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I'm reading up on Convolutions in neural nets, and they seem like a neat and efficient way of finding "features" in the input. But am I right in thinking that a high enough number of layers and neurons layers in a plain old multi-layered dense net would "find" the same features? Or have I missed something?

Are there any metrics or estimates available on the difference in training/prediction time and cpu/memory requirements between a network with a CNN layer and a plain DNN for the same accuracy?

Thanks in advance!

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What convolutional layers do, is they slide a kernel over the image as illustrated in this cheetsheet by Stanford CS 230:

enter image description here

It is not only more efficient (less weights, since they are shared), but also it seeks for same features in different regions of the picture. If you used dense layer in here, the model would need to re-learn discovering those features independently for each region of the picture. This makes it much more complicated, but also it needs you to have data where in training set the features are distributed in all regions of the pictures. So if you had thousands of cars on pictures in your training set, but if there were none in upper left corner of the pictures, your classifier knows nothing about cars if they appear in upper left corner. With CNN's it wouldn't matter. For more details, check also this tutorial from another Stanford course.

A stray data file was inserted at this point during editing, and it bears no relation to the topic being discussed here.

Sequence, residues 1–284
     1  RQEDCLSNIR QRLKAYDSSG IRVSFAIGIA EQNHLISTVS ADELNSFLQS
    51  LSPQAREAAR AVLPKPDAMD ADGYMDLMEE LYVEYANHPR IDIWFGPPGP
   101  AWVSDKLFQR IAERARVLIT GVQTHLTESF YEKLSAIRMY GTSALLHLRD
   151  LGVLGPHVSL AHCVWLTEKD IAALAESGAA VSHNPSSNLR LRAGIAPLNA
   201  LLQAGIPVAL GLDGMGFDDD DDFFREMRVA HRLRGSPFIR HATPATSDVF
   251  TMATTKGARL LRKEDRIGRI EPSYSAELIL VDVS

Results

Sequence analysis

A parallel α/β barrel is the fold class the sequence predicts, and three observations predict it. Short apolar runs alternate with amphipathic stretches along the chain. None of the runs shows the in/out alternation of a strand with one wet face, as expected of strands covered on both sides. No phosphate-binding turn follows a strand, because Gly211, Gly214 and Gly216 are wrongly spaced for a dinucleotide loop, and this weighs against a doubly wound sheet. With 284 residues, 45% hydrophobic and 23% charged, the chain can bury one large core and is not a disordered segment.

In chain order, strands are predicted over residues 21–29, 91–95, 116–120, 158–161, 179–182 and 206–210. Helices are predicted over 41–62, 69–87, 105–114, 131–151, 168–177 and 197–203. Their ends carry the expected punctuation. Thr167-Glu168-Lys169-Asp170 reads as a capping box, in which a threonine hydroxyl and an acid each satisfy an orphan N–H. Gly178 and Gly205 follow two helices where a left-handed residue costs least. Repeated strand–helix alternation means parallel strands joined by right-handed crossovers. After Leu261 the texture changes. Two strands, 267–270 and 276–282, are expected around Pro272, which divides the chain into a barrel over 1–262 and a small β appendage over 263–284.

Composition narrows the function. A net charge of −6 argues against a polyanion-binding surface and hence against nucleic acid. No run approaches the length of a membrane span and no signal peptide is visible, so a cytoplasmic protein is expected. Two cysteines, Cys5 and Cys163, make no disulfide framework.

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  • $\begingroup$ Aha! The example I was following used the MNIST Fashion set, where each item is bang centre of the image, so I hadn't thought about finding the item in different places. Thanks for sorting me out! $\endgroup$ – Matt Mar 26 '19 at 10:55
  • $\begingroup$ @Matt for Fashion MNIST DNN is probably enough, since it is a clean & simplified dataset, but it would make a difference with real photos. $\endgroup$ – Tim Mar 26 '19 at 11:21
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In addition to what @Tim says (+1), DNN can exactly imitate CNN, because CNN is a constrained version of some DNN. You're sliding a filter throughout the image for example; but since you're sliding the same filter, you constrain that the weights multiplied with some pixel set will be the same with weights multiplied with another pixel set somewhere different in the image. Also, there'll be zero weights throughout the layer because an output neuron in the hidden layer is affected by only a set of input neurons. So, while your DNN needs to figure out how to do all these (with more parameters), CNN has built-in capability, which explains the efficiency compared to DNNs.

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